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I was reading the re-introduction to JavaScript on MDN website and came across this in the Custom Objects section:

function personFullName() {
    return this.first + ' ' + this.last;
}
function personFullNameReversed() {
    return this.last + ', ' + this.first;
}
function Person(first, last) {
    this.first = first;
    this.last = last;
    this.fullName = personFullName;
    this.fullNameReversed = personFullNameReversed;
}

It says on the MDN website that you can make a reference to the personFullName() and personFullNameReversed() functions from within the Person constructor simply by typing in their names and assigning them as values to the two variables stated in the code above (this.fullName and this.fullNameReversed). This is all very clear to me, but my question is why are the brackets next to personFullName and personFullNameReversed omitted? Shouldn't it say:

this.fullName = personFullName();
this.fullNameReversed = personFullNameReversed();?

The way that it was presented in the example from the MDN website I feel like those fullName and fullNameReversed properties from the Person constructor are pointing to some already declared global variables instead of functions declared outside of the Person constructor.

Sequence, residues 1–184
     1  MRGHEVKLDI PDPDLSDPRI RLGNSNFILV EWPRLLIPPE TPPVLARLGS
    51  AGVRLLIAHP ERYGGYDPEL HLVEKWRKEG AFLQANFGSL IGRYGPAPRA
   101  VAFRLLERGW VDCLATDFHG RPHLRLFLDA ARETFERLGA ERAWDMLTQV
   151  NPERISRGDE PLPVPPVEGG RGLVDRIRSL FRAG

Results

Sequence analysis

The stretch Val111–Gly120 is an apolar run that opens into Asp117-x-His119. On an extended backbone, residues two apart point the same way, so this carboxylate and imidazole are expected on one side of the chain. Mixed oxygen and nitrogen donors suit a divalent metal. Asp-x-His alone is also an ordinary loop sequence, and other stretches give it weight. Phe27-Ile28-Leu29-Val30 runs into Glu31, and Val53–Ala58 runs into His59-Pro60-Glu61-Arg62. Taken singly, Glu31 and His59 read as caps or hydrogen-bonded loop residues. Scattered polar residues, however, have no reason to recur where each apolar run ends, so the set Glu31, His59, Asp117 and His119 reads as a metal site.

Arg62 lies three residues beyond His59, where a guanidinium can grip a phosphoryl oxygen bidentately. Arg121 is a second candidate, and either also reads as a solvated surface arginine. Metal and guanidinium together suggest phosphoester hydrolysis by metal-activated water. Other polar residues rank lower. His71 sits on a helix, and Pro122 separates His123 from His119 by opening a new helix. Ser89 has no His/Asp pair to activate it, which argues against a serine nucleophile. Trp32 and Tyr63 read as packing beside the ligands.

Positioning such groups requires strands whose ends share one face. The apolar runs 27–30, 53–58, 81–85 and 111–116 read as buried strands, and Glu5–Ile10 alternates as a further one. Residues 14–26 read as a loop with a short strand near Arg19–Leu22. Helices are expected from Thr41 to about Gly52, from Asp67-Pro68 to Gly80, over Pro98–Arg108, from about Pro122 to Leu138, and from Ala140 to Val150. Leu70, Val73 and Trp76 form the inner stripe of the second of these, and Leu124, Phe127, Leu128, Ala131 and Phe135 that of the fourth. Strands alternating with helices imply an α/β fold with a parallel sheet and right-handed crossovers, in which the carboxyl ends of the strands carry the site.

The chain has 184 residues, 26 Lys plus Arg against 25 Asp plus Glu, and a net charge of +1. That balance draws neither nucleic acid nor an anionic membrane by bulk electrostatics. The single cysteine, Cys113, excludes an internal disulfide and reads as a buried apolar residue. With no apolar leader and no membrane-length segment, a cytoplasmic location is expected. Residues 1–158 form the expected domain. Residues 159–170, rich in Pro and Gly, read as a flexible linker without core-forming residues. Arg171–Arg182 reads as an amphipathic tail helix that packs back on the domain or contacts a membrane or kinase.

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2 Answers

up vote 5 down vote accepted

If you add the brackets, you'll call the functions and assign their return values to this.fullName and this.fullNameReversed.

The code is referring to the functions, not calling them.

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So if I added the brackets this.first from the personFullName() function would actually point to a global variable first and not to the property first of the Person constructor, and thus would return the result of using a global variable as opposed to a local variable from the Person constructor? –  SineLaboreNihil May 13 '13 at 21:22
1  
@SineLaboreNihil: Yes, correct. If you added the brackets, this.fullName would not be a function at all, it would be the string "undefined undefined". The line this.fullName = personFullName() (with the brackets) would call personFullName as that line of code was executed. That call would build a string from the undefined first and last global variables. See it here: jsfiddle.net/h9N6Y –  RichieHindle May 13 '13 at 21:31
    
Thank you very much for clearing this up for me. I really appreciate it. :) –  SineLaboreNihil May 13 '13 at 21:35
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It's assigning the function, not the result of the function. It's equivalent to:

function Person(first, last) {
    this.first = first;
    this.last = last;
    this.fullName = function () {
        return this.first + ' ' + this.last;
    };
    this.fullNameReversed = function () {
        return this.last + ', ' + this.first;
    };
}

so now you can do:

var jack = new Person('Jack', 'Smith');
console.log(jack.fullName()); // Jack Smith
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